The Judgment

John 19:15-16.

But they cried out, Away with Him, away with Him, crucify Him. Pilate saith unto them, Shall I crucify your King? The chief priests answered, We have no king but Caesar.

Then delivered he Him therefore unto them to be crucified. And they took Jesus, and led Him away.

Pilate had offered the people one more chance. “Look at Him! He has suffered enough!”

But the people kept up a continuous cry: “Take Him away! Crucify! Crucify!”

They even went so far as to claim they had no King but Caesar, renouncing their treasured Messianic hope and repudiating their sacred allegiance to their nation. That’s how a mob acts. They are not reasonable, rational, or willing to hear anything but their own voices.

Pilate was defeated. He was sitting on the judgment seat, but really the judgment was his own admission of his own fears. He knew Jesus was not guilty of anything, yet he caved in to the threats of the people.

In my imagination, at this point he angrily waved his hand, gesturing to the soldiers to take Jesus away and crucify Him. Matthew 27:24 tells us: “When Pilate saw that he could prevail nothing, but that rather a tumult was made, he took water, and washed his hands before the multitude, saying, I am innocent of the blood of this just Person: see ye to it.” It could have been at this point that Pilate symbolically washed his hands, thereby releasing himself from the burden of the death of a wrongly condemned Man.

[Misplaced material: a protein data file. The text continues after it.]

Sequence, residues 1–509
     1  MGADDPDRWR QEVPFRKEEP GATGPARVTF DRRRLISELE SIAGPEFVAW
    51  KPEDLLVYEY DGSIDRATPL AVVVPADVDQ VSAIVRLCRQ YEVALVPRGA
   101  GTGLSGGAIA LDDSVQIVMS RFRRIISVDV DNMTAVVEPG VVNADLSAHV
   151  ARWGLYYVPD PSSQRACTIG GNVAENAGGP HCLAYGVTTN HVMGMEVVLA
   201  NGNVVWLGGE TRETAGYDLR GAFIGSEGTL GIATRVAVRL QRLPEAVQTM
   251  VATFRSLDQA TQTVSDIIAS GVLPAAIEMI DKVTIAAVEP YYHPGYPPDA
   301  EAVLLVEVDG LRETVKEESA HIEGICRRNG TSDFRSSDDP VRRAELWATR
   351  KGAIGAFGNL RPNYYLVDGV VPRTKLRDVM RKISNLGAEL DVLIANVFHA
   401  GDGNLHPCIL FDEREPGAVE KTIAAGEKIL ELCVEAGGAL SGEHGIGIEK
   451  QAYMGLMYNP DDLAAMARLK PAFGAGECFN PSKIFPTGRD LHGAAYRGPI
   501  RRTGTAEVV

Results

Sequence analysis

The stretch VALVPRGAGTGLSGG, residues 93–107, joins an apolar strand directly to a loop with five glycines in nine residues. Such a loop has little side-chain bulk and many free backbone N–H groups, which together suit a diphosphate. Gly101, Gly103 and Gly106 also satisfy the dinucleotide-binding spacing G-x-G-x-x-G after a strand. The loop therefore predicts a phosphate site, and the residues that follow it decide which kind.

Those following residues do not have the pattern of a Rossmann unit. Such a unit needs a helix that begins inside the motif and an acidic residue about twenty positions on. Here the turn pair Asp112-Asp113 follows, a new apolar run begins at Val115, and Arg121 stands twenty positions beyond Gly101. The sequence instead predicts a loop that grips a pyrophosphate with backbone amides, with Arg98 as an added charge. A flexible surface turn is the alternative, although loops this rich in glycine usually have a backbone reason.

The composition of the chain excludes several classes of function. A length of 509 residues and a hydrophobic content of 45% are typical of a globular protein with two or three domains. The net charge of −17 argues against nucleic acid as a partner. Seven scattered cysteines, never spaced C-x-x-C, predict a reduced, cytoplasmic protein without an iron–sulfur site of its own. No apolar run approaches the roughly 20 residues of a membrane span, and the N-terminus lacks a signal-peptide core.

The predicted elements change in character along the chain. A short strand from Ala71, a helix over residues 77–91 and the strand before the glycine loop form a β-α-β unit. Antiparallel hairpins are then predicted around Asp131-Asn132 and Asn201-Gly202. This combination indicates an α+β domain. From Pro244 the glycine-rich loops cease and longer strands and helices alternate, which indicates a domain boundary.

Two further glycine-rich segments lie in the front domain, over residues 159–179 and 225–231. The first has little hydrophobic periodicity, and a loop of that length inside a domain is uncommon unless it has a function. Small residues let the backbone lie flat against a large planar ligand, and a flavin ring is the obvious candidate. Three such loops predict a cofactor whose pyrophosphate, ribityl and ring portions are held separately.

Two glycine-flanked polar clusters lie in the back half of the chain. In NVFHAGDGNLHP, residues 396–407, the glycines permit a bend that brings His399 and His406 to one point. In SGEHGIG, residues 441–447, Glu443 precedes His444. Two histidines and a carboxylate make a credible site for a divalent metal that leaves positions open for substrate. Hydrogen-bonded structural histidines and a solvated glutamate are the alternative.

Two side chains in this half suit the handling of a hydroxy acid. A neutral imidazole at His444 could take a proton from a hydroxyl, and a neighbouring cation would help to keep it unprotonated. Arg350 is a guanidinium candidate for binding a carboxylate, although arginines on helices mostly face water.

It is from this act of Pilate’s that we get our saying, “I’m washing my hands of this whole situation. I want nothing to do with it.”

So they, the soldiers, took Jesus away. His final hours had begun.

4 thoughts on “The Judgment

    1. That’s because it is the gospel given to present Jesus as the Son of God. Holy, sovereign, without sin, yet willing to die to provide salvation for us. It’s an amazing book, and although I’ve read it many times, I’m learning so much as I study in preparation to write.

      Liked by 1 person

  1. One of the things that always gets me about the crucifixion stories is how often I see microcosms played out in people’s lives. When I first saw the title of this one, I was thinking Judgment, like Last Judgment and I was curious what your take on that would be. Then, I realized you meant “judgment” of Jesus by Pilate – and the priests – and the crowd. That is deep. It makes me think of all the times I’ve personally witnessed people being called out by their own words, sometimes in the very moments they’ve uttered them. It reminds me of all the times I know the Father has been looking on me and like, yep, Anne will figure out why she shouldn’t have said that – later. With love of course. But still. Ouch.

    Liked by 1 person

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